In this episode, Sheldon gives guidance as to how to get into the safety and health field. Also, he introduces some of the audience to the International Framework for safety and health.
Keywords: Environment, Sustainability, Workplace safety, Hazardous materials, Industrial hygiene, Occupational health, Safety regulations, Hazard prevention, Risk assessment, Chemical safety, Ergonomics, Health and safety, standards, Environmental policy, Workplace health promotion, Environmental health, Air quality, Water quality, Climate change, Green initiatives, Sustainable development, Government news, Public policy, Politics, Government services, Government programs, Public administration, Political analysis, Government leadership, Federal government, State government, Local government, Government accountability, Government transparency, Government efficiency, Government reform, Legislative updates, Government decision-making, Government technology, Government innovation, Public service, Workplace safety, Occupational safety, Safety training, Health and safety compliance, Safety management systems, Risk assessment, Safety audits, Safety culture, Incident investigation, Ergonomics, Hazard identification, Industrial hygiene, Safety inspections, Behavior-based safety, Safety program development, OSHA compliance, Safety policies and procedures, Job hazard analysis, Safety performance metrics, Safety certifications, Sheldon, Primus, Sheldon Primus, Safety FM, Jay Allen, Dr. Todd Conklin, Dr. Sydney Dekker, Safety Differently, HOP, BBS, COSS, COSM, Oil and Gas, Chemical Manufacturing, Medical Compliance, Human Resources, HR, Podcast
[00:00:07] Announcer: This episode is powered by Safety FM.
[00:00:14] Sheldon Primus: Welcome to the Safety Consultant Podcast. I am your host, Sheldon Primus. In this podcast I teach you the business of being a safety consultant. We'll talk about safety and health stuff, talk about OSHA compliance from time to time. So we do a little bit of everything, right? So I am your guide for now, Sheldon Primus, yay! So I just wanted to let you guys know that I appreciate you listening. If you have not subscribed to the podcast, please do, uh whatever station you're listening to, or channel, or whatever they're calling it now, pretty much is gonna be an app, right? So whatever app you're listening to me on, go ahead and hit subscribe so you could hear it again or you could listen to me when I release new episodes. And I've, as I told everybody, I'm a working safety consultant right now, so therefore my episodes aren't gonna always be every week. I try and generally it's gonna be Wednesday, uh but there is sometimes I'm traveling, because I'm an active traveler as well. So we'll get it when we need to, right? But I got plenty of backup episodes, so I believe we're actually gonna-- not backup episodes, I shouldn't say that, that means that you haven't heard it before, but I do have other stuff. So that's what I mean. That's what I mean. And you're gonna end up, uh, let's see, I'm gonna look them up to see how much I have because I actually started doing this a little while ago, which was, uh, looking at the listeners and where they're located, but then I could also see, in the background of who do I actually have, as far as my analytics and then also how many episodes do I have? So, I've got 225 of them, so far. So it's been a bunch, so if you uh want to go ahead and binge do that too, that'd be awesome. Let me know what you think. Reach out to me at firstname.lastname@example.org, or you can go to safetyconsultantpodcast.com and look for the microphone icon. When you see the microphone icon, then select that and you can leave a message for the show. It's awesome, I actually haven't done that one yet. Are you gonna be the first? See if I could see anything that's coming in yet? No, nothing yet, not now. Uh Nope, not now. No, I'm kidding.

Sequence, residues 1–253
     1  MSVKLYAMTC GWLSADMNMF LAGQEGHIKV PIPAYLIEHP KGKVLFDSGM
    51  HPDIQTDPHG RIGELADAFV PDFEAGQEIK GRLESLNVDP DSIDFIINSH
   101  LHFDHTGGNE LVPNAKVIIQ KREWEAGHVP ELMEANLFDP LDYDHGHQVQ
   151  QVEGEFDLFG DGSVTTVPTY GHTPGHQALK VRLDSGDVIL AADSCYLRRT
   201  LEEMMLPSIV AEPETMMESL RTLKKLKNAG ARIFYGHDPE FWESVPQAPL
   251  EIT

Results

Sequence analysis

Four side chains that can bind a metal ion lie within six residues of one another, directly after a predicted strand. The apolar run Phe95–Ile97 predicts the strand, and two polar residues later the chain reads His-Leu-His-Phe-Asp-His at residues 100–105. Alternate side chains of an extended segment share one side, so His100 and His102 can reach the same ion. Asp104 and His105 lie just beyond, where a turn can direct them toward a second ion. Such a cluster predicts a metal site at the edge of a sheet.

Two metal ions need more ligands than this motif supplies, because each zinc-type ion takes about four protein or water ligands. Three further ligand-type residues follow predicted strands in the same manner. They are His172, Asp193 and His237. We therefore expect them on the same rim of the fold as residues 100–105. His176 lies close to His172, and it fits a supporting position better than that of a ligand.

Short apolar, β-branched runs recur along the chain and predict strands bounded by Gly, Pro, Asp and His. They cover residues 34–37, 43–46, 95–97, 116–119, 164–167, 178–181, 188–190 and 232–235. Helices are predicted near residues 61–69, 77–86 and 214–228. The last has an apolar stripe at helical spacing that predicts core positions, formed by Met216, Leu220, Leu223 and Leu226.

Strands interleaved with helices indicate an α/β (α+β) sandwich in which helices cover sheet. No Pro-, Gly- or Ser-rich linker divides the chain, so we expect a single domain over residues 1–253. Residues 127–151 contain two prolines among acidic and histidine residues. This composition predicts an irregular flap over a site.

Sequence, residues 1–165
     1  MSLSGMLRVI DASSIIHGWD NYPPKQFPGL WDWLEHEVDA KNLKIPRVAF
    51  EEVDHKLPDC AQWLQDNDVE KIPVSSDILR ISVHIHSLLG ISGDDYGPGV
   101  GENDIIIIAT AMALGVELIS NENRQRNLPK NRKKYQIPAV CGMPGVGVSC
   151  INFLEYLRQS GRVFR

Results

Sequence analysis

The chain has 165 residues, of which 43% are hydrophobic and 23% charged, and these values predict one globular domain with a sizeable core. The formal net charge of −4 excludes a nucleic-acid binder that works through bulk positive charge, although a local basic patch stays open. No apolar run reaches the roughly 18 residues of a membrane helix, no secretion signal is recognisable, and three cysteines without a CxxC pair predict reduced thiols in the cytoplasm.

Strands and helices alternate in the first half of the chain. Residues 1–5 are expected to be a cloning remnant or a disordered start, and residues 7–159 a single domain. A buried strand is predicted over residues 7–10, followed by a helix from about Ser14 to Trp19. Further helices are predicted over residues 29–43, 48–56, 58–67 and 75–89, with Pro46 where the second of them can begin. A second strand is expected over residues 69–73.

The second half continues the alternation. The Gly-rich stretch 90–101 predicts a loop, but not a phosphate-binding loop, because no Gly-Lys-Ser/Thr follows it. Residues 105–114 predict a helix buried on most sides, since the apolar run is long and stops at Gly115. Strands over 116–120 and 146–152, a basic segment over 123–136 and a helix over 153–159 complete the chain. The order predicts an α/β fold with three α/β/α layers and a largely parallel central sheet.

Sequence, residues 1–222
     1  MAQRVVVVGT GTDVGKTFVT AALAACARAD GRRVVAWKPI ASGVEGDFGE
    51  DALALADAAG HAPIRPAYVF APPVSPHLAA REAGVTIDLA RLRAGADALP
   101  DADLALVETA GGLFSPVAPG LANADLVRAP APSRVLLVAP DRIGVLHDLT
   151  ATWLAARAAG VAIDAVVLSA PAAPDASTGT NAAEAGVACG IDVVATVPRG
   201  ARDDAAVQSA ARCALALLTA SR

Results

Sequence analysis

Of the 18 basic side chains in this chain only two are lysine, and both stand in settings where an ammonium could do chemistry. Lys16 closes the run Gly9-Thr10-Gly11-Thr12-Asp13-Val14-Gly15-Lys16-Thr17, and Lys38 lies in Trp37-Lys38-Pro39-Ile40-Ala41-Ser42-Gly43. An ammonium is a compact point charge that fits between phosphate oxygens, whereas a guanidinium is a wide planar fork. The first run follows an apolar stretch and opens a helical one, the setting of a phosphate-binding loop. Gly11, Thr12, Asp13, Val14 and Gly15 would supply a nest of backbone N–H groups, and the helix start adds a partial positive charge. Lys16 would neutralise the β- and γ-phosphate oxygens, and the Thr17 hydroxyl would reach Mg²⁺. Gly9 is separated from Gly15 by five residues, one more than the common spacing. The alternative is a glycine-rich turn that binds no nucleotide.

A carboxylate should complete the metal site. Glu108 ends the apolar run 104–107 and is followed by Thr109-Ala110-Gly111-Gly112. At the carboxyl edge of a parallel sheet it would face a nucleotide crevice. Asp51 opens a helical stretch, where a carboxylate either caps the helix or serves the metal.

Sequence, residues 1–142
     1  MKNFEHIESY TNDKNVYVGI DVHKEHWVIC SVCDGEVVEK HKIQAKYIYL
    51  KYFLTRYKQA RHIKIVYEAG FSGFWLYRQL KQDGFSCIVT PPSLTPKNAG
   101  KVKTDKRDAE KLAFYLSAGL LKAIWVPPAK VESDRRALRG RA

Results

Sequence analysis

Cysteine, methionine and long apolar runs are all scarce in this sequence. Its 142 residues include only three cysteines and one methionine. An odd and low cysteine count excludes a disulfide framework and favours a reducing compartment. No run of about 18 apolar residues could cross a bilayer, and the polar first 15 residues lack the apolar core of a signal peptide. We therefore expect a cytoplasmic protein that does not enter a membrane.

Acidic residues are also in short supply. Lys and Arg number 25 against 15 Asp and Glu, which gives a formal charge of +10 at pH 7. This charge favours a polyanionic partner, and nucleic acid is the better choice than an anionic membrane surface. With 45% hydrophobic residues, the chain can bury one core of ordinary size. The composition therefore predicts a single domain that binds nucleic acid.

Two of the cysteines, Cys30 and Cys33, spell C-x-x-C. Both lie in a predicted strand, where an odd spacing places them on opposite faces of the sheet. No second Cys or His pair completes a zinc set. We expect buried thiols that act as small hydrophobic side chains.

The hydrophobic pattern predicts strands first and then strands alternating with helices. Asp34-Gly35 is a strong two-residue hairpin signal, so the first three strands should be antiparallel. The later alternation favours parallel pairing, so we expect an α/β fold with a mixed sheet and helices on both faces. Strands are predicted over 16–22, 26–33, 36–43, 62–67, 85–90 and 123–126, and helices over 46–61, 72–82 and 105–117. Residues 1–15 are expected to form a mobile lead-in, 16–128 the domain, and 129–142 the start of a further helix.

So let's uh show you guys, or at least let you know, where are you uh listening from? So we get a bunch of different locations, um and I'm gonna start with a chartable.com. They have um they tell me locations and ranking too. So here is where people are listening to me. So by order, uh meaning people who are listening the most, uh I've got a pretty good amount, oh the first uh country is Saudi Arabia. Uh Second country is the US, third is Chile, Australia, Canada, Germany, Singapore. And literally those people in Singapore, I just did a Singapore Accord uh blast to someone telling me they were trying to figure out is there a framework for safety and health? And I said, yep, there is. It came from a Singapore Accord back in 2017, or 2016 one of the two, and I actually literally just sent some people to uh the information that's coming from the International Network of Safety and Health Professional Organizations, INSHPO, uh they have the, they house where that accord came from. So if you are the person who uh you're trying to get into the safety and health and you don't know what your competency should be or you don't know the pathway, uh then that Singapore Accord is what you need. Uh inshpo.org is where you see it, I-N-S-H-P-O dot org. So back to, you see? My mind went all crazy, went somewhere else when I mentioned Singapore, right? So after Singapore, UK, your next. Bahamas, South Africa, Pakistan, Ireland, Spain, Bangladesh. Thank you guys for all listening. Uh Russian Federation, Sweden, Netherlands, Senegal, France, Philippines, Oman, Colombia, Nigeria, Italy, and India. Thank you all for listening to the Safety Consultant Podcast. Hopefully, I'm helping you with everything that you need to be a consultant or play the role of a consultant. So you actually can be listening to this and you're not a consultant yet, that's ok. It's not frowned upon to listen to this. You're doing just fine, just listen to this, get some information that you need and then you know, when you're ready, branch off a little and then go full time later on.